Reading and comprehending what Newton wrote in the Principia may be a challenge. However, a reasonable explanation of Newton's fluxions is found in The Newton Handbook, by Derek Gjertsen. It is worthwhile to examine this to get a good idea of what Newton was thinking about. The starting point was that geometrical magnitudes arise from continuous motion.[5, p.213] In other words, a line or curve is generated by the continuous motion of a point, a surface by the motion of a line and a solid by the motion of a surface.[5, p.213] Newton called the line a "fluent" because he thought of it as a flowing quantity .[5, p.213] The fluxion, or rate at which it flowed, was the point's velocity .[5, p.213] Dotted letters were used to represent the fluxions. These fluxions could, in turn, be taken as fluents and this led to higher order fluxions, which were represented by two dots. There is an obvious relation: the velocity of a point determines the nature of the curve, and a curve of a given nature can only be generated by a point with a certain velocity.[5, p.214] Two problems arose: given a relationship between fluents, how one can determine the corresponding relationship between fluxions, and the inverse, how one can determine fluents on the basis of fluxions.[5, p.214] These processes are known today as differentiation and integration.

Newton defined the "moment" to be an infinitesimally small amount by which fluents grew in infinitesimally small periods of time.[5, p.214] To make sense of this it is helpful to use Leibniz notation which is now rather common to any mathematics student. He used the notation o to represent that small change in time, or what is often seen today as dt. The moment of the fluents x and y would be xo and yo respectively. Today these are denoted as dx and dy. Note, then, that x and y must be dx/dt and dy/dt, respectively. In a minute time interval, then, the quantities x and y will become x + xo and y + yo. Gjertsen also interpreted a problem from Newton's De methodis , which follows. The similarity between this method and that of Fermat was noted by Dr. Gregory Cherlin (personal communication). One can read this in Eves beginning on page 291.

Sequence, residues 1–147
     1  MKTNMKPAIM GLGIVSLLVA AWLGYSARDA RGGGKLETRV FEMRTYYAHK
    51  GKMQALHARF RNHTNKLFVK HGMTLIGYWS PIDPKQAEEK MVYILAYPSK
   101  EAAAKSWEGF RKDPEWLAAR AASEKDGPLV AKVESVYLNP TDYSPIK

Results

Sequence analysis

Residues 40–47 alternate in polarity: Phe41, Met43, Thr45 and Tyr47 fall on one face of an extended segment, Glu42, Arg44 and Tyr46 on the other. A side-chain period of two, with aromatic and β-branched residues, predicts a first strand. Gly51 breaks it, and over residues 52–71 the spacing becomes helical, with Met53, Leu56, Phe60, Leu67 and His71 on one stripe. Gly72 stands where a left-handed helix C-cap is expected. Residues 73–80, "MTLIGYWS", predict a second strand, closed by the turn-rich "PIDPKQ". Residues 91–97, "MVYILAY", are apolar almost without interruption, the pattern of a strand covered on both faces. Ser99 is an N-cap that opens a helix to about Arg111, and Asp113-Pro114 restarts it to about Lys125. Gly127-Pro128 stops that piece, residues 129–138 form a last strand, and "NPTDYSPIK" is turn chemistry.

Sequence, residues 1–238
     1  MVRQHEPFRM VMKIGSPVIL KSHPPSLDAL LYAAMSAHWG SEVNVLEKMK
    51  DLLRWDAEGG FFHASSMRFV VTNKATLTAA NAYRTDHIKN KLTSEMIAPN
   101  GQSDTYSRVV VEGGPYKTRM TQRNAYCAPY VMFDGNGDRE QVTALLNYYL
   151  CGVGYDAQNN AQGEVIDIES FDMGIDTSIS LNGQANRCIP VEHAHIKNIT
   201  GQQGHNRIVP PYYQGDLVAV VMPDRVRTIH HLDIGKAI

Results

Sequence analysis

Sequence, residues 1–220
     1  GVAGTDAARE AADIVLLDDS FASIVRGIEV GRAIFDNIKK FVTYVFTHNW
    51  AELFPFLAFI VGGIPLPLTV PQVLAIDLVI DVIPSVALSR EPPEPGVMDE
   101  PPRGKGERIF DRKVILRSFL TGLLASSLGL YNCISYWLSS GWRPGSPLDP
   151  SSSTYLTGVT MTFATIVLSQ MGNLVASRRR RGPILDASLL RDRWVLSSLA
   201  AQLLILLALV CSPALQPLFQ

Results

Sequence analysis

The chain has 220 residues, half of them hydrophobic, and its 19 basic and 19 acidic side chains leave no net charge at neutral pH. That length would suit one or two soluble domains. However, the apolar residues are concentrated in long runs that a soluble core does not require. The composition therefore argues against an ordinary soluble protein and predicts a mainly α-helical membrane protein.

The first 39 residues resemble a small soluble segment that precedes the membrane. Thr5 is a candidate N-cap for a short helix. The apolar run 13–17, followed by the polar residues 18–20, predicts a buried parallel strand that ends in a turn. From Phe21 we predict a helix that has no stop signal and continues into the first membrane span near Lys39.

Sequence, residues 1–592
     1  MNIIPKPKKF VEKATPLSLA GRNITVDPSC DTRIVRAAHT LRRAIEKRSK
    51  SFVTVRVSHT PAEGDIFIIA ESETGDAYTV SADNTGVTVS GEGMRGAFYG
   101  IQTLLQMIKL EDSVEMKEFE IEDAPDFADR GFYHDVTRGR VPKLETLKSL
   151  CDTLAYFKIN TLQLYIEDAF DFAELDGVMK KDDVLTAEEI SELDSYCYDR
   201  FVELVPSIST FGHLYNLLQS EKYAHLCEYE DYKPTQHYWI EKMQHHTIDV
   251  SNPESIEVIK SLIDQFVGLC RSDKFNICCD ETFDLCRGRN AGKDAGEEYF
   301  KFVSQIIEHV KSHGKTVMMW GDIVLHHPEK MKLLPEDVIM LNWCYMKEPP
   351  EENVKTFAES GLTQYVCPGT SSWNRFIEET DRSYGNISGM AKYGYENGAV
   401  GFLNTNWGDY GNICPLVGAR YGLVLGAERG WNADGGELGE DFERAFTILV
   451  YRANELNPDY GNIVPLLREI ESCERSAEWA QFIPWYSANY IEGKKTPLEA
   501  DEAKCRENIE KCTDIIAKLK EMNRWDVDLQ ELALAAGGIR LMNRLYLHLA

Consider two curves related by the equation: x3 + ax2 + axy - y3 = 0 Newton then substituted x + xo and y + yo for x and y, respectively, to determine how the fluxions which generated the two curves were related: (x + xo)3 - a(x + xo)2 + a(x + xo)(y + yo) - (y + yo)3 = 0 and this becomes: (x3 + 3xox2 + 3x2o2x + x3o3) - (ax2 + 2axox + ax2o2) + (axy + axoy + ayox + axyo2) - (y3 + 3yoy2 + 3y2o2y +y3o3) = 0 Next, Newton eliminated the initial equation: (*) (3xox2 + 3x2o2x + x3o3) - (2axox + ax2o2) + (axoy + ayox + axyo2) - (3yoy2 + 3y2o2y +y3o3) = 0 and divided all of the remaining terms by o: (3xx2 + 3x2ox + x3o2) - (2axx + ax2o) + (axy + ayx + axyo) - (3yy2 + 3y2oy +y3o2) = 0 Then, and only then, he argued that since o was "infinitesimally small", any term multiplied by it would be "nothing compared to the rest" and could be safely eliminated. There remained: 3xx2 - 2axx + axy + ayx - 3yy2 = 0 And then the relation between the fluxions is: y = 3x2 - 2ax + ay = dy x 3y2 - ax dx

That Newton conceived of this on his own may be appreciated by any student of math. However, there was a point of contention which brought much criticism by other men of science, and this was the way in which Newton divided by a small nonzero finite quantity o, and then, a few lines later, set it equal to zero.[4, p.210] Today a limit is applied, and although we think of this as an extremely subtle concept, Newton felt that it could be grasped intuitively - as an extra step which could simply be omitted.[1, p.98] This division which he considered acceptable was seen as "illegal" by others: how could a quantity be there one minute and not the next? Was this, in effect, division by zero? Any mathematician knows that is not allowed!